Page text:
It is unfortunate that tragedy seems to strike, regardless of location. I always wish that driver's license renewals included a mandatory bicycle ride so that motorists could understand and empathize a bit better with the dangers faced by those vulnerable road users. I think until riding a bike becomes much more mainstream transportation, that will never happen. Which is sad.

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  5. This is a really thoughtful post. I would say that time and safety are also the two most common reasons I hear people provide for why they don't ride. In the south, though, I also hear a lot of questions about how to handle being sweaty in the summer. Seriously, when it's mid-90s and humid, that's a real issue! What is interesting to me is that people think they need to give me a reason why they don't ride. I never ask for one.

    Before I began riding for transportation, I had all of those same concerns. I don't really have a theory for how to get past them. You just start riding and see how it goes. For a long time I thought the lack of a single safe route was what held me back. Now that I've been riding for a while, I've found at least half a dozen safe routes to work, including some that I dismissed as "unsafe" in the first year of bike commuting. It's just a question of building up a better sense of what your abilities are. When I thought those routes were unsafe for me, they were. Now they aren't.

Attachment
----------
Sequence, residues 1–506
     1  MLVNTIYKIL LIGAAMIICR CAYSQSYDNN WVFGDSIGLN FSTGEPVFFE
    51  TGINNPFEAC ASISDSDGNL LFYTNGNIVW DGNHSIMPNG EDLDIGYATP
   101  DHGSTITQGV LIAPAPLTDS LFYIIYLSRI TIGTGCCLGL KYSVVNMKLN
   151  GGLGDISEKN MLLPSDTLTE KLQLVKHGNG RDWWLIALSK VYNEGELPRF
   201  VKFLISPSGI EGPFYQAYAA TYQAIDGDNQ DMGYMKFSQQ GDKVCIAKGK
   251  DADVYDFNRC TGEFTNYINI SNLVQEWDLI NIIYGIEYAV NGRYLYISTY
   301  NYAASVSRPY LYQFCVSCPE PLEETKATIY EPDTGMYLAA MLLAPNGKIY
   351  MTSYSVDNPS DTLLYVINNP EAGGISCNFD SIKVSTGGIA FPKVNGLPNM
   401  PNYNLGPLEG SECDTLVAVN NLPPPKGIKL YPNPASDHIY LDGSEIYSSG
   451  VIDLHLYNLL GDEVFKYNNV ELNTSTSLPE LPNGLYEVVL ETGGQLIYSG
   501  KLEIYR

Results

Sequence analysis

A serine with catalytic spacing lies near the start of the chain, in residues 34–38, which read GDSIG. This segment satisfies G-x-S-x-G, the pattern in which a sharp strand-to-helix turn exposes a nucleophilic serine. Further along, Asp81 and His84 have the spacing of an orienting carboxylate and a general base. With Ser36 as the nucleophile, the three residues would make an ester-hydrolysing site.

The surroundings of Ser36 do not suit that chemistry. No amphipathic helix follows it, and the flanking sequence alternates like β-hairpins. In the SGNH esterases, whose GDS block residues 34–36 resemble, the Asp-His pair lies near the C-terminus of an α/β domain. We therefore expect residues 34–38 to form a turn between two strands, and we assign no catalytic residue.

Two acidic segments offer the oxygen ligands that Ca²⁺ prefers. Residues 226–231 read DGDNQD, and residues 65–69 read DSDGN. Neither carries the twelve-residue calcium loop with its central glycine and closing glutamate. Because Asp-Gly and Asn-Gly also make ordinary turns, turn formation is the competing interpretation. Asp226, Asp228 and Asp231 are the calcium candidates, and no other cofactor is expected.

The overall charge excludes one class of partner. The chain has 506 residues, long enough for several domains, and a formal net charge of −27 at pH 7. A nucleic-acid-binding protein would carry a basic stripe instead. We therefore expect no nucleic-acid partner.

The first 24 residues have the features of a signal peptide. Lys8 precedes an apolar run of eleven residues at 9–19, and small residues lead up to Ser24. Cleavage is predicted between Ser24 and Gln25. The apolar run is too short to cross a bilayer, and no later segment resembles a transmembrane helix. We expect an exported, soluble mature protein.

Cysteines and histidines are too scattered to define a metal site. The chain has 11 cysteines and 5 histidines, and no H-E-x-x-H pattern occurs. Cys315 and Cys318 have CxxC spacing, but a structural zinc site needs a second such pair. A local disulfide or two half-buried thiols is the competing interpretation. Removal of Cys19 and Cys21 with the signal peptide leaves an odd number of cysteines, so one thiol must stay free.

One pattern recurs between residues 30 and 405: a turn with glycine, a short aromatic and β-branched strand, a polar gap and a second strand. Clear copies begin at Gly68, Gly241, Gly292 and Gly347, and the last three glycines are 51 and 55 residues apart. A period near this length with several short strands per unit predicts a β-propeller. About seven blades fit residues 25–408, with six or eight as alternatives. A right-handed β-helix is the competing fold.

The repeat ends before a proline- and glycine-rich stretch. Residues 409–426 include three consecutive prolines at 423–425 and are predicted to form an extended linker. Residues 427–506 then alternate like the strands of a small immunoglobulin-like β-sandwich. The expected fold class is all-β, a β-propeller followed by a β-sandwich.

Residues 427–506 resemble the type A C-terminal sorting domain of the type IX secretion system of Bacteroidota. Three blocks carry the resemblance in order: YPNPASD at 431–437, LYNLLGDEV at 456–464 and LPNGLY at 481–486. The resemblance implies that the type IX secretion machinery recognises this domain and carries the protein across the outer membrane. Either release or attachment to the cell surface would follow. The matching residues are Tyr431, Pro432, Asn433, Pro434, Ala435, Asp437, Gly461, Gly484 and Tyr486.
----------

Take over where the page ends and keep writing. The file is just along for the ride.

Whenever I talk to someone who wants to try out biking for transportation, I always keep that in mind. If it feels unsafe to them, it doesn't matter what I think. Heck, I remember when taking the lane felt terrifying. Now it's just a routine part of my everyday life.

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    1. I can see that the heat/humidity combination would be a challenge. When it's 95F degrees here, it is fairly dry, so it's not nearly the same as adding in the higher humidity. I try, on these days, to avoid mid-day riding because it's usually quite unpleasant, but occasionally it happens and I just have to deal with it. My body doesn't handle heat very well to begin with, but I think I adapt better if I'm out early and it just transitions into the hotter parts of the day.

      It's interesting that people feel the need to provide reasons why they don't ride. I've never asked for an explanation from anyone either (well, maybe if they've emailed me or chatted here, but I wouldn't do it to someone simply asking me a question on a local road/path). I'm happy to share my experience, but it definitely doesn't mean it would be the same for someone else. I agree completely with you that just because I've experienced something doesn't mean that someone else would have the same outcome (this is true of both equipment and experiences riding on roads). I have tried with a few local friends to encourage them to ride when they've shown interest, but I'm really not a pushy person, so if they don't continue to have interest I tend to back off because I know I don't like things shoved down my throat. Sometimes, we just need time to figure out what works for us as an individual.